Tort Liability of a Manufacturer for Defective Components
by Hillel David
July 31, 2007

Few manufacturers produce every part of their product. Almost all incorporate one or more components purchased from independent suppliers.  Many "manufacturers" are, in truth, little more than assemblers of components that they themselves to not make. This raises the following issue: where there is no contractual relationship with the claimant and no actual or constructive knowledge of any defect on the part of the manufacturer, should the manufacturer be liable for injury arising from a defective component purchased fro a reputable supplier?

Cross Border Issues: The Current Automobile Insurance Legislations in Ontario
by Van Krkachovski
March 27, 2006

The automobile insurance legislation in Ontario has undergone numerous amendments over the past 15 years which began with the introduction of a partial no-fault system in 1990 that replaced a pure tort system. As a result, a person injured in a motor vehicle accident as two types of claims...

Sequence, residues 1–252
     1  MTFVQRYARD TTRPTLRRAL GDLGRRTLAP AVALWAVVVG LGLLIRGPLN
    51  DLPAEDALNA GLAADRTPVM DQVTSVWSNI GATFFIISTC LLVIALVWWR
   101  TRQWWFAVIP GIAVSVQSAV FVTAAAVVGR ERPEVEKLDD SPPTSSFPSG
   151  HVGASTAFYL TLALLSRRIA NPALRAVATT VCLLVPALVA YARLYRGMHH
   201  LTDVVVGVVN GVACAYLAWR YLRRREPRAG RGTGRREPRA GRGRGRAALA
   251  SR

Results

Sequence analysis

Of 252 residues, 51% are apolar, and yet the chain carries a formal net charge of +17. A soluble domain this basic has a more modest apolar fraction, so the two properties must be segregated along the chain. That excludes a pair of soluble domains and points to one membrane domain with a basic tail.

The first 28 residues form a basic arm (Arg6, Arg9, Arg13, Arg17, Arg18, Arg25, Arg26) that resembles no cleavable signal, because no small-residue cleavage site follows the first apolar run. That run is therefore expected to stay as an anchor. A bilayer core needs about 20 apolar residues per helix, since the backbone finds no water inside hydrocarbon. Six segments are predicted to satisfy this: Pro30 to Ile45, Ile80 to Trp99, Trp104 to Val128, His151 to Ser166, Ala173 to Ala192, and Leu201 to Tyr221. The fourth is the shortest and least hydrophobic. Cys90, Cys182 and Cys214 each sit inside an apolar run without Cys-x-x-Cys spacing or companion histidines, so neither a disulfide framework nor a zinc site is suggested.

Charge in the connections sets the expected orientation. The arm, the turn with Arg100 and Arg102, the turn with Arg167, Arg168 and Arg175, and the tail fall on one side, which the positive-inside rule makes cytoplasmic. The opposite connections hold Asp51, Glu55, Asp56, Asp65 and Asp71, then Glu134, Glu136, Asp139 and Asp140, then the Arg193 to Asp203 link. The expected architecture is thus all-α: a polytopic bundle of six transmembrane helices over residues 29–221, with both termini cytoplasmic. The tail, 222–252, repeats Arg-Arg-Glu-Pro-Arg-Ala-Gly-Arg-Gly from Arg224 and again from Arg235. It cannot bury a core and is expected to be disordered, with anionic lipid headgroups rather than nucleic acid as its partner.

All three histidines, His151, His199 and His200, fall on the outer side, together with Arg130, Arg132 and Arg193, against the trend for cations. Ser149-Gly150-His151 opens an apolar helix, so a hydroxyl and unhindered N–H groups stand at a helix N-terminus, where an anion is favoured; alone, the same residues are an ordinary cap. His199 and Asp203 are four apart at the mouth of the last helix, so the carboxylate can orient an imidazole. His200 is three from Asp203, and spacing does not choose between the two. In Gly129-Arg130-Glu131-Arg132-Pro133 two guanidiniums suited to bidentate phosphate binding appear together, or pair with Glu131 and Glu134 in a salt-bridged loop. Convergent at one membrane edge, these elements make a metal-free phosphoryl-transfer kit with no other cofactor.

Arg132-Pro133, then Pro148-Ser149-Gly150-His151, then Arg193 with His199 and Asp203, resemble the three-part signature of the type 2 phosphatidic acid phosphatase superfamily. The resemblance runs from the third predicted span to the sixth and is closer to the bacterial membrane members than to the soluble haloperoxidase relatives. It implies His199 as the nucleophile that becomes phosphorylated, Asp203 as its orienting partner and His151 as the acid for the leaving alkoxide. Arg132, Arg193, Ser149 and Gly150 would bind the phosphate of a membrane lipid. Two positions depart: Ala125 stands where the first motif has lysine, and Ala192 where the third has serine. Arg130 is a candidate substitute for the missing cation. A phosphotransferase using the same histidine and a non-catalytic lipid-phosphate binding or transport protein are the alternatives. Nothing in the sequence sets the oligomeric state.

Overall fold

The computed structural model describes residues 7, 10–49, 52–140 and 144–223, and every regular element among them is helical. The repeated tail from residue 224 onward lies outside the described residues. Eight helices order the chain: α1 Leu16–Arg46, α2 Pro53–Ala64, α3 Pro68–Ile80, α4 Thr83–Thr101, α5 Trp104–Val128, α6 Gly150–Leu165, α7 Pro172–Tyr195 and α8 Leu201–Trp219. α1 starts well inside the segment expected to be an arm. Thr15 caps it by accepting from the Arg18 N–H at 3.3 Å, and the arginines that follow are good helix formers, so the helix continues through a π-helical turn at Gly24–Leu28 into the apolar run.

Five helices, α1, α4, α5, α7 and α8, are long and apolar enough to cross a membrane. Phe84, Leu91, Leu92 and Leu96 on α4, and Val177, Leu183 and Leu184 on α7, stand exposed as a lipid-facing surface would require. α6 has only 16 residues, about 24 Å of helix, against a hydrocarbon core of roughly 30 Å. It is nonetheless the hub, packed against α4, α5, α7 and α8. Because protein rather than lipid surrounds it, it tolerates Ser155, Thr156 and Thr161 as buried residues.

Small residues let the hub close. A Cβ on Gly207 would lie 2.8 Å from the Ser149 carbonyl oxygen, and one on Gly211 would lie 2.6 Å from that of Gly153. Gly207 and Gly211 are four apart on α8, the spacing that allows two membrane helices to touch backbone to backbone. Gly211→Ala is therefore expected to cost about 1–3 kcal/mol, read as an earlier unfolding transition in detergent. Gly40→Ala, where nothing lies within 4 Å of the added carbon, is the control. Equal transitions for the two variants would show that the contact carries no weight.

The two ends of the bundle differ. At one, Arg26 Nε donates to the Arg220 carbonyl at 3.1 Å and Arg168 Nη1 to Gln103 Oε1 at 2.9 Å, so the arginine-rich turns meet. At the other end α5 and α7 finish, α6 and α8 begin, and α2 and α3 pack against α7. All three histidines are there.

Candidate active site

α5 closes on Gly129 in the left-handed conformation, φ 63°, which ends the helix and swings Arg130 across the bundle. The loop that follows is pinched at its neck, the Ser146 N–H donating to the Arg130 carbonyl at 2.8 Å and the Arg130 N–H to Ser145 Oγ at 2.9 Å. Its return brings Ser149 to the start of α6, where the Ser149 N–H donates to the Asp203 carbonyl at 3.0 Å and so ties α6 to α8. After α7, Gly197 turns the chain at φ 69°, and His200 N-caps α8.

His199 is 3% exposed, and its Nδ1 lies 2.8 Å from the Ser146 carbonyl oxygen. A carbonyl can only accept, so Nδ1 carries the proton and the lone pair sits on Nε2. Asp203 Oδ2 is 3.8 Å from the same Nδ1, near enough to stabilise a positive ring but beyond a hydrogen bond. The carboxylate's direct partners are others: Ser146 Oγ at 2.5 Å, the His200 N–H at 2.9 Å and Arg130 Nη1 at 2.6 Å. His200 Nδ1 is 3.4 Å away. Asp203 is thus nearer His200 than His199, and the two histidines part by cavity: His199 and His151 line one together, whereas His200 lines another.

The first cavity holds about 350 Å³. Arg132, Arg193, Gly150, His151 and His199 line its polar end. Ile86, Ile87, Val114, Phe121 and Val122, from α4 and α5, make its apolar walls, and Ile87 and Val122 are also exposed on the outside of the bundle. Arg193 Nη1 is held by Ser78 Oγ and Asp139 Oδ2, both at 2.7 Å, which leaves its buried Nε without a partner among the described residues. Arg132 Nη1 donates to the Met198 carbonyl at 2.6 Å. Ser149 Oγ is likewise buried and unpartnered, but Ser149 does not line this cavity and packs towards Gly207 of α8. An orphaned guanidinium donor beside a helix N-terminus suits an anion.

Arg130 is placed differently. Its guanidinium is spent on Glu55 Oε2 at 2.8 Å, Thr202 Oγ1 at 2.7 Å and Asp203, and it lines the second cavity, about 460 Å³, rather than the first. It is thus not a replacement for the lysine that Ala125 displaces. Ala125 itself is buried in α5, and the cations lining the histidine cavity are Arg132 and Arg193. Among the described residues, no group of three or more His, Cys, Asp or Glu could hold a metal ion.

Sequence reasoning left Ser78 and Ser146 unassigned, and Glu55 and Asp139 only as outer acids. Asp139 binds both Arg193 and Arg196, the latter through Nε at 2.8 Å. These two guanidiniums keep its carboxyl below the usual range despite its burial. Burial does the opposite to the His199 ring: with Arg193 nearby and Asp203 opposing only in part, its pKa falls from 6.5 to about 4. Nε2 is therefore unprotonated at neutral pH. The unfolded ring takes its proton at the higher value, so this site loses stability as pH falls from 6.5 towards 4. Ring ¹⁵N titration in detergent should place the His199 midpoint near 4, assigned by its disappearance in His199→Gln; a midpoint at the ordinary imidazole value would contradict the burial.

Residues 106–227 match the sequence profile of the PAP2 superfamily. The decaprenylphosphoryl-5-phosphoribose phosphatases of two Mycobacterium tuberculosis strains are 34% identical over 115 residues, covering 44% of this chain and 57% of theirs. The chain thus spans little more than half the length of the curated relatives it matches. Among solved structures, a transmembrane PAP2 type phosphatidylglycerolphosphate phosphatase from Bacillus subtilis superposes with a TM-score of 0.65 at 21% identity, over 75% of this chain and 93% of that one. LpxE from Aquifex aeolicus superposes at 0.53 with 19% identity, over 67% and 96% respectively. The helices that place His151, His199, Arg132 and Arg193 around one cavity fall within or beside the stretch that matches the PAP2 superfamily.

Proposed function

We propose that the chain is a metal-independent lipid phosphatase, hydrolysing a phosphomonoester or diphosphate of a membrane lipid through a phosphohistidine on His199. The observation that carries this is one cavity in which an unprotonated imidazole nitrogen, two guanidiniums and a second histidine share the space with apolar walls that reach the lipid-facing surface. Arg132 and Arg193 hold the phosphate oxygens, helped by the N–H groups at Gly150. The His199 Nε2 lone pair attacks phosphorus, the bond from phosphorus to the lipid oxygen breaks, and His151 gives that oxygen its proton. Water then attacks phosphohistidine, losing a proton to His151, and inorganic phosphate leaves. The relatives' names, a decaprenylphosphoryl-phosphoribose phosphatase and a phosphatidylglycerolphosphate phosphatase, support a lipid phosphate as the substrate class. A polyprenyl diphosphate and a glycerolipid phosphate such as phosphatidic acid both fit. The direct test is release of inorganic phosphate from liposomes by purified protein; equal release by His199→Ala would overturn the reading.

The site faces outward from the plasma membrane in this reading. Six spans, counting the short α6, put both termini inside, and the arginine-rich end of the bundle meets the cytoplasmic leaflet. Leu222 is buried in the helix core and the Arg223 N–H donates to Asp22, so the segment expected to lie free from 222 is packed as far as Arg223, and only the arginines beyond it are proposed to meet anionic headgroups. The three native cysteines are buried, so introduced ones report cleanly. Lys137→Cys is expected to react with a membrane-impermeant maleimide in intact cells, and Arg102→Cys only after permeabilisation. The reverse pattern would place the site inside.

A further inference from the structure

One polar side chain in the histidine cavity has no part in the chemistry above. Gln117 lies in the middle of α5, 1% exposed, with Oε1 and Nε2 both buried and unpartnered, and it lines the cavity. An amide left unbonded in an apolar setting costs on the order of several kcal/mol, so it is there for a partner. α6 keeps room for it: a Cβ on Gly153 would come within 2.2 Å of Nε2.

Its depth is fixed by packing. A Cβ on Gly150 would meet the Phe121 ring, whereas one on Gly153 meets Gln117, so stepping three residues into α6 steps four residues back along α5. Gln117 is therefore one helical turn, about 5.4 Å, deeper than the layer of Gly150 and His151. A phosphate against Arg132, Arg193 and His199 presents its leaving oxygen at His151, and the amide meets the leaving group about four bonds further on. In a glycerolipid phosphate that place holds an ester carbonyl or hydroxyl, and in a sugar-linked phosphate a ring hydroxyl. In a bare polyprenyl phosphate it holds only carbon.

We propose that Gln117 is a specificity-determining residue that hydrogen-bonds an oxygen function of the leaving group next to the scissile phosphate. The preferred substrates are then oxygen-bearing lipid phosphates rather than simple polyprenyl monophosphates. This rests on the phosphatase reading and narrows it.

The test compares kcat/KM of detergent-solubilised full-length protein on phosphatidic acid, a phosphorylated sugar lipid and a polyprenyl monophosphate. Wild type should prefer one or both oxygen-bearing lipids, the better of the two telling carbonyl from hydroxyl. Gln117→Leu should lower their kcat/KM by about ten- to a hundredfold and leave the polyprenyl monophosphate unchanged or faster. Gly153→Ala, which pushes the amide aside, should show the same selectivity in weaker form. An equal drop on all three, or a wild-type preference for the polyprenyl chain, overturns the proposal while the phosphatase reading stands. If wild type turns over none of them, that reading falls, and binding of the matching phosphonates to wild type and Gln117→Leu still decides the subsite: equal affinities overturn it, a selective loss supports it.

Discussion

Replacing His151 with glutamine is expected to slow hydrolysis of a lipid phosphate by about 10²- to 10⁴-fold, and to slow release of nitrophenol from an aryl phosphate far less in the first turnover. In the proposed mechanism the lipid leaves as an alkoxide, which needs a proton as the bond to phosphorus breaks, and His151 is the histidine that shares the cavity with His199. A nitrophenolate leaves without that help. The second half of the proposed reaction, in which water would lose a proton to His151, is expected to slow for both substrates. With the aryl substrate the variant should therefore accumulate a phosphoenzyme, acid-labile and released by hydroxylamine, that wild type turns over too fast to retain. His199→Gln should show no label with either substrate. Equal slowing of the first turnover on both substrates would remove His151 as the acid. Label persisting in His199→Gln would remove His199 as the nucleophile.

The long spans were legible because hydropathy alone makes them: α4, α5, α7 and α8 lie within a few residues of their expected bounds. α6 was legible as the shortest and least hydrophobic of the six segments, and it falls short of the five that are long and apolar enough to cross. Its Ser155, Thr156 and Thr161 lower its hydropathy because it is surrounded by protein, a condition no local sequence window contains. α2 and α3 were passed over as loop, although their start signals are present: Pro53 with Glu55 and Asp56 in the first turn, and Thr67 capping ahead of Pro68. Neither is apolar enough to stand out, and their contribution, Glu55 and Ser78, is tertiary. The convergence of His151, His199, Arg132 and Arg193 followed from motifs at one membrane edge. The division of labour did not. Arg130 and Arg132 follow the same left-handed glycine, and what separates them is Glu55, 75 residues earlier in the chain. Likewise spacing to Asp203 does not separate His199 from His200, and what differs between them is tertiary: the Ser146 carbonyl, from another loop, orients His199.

Proving Causation Where the But for Test is Unworkable

On a practical level, causation simply means that the current condition or circumstances would be different had an act or omission not occurred. The alteration in circumstances can be positive, negative, or just a maintenance of the status quo.  The critical matter is that the situation would not be what it is had there been no act or omission; otherwise, the act or omission cannot be said to have had any effect on the current situation.  The “but for” test is merely another way of expressing this concept of change or difference in the current situation that would not otherwise have been present. 

Social Host Liability - A Fresh Approach
by Hillel David
July 31, 2005

Since the landmark decision in Menow v Honsberger, the potential liability of taverns and other commercial hosts for alcohol-related injuries has been well established.  In the 30-plus years since that decision, however, social hosts have received a free pass in cases where their involvement in the intoxication which led to the injury has been real and significant.  The purpose of this article is to suggest a new approach to the consideration of the liability of social hosts, one that promotes the policy considerations essential to this type of claim and, at the same time, accords with basic principles of law.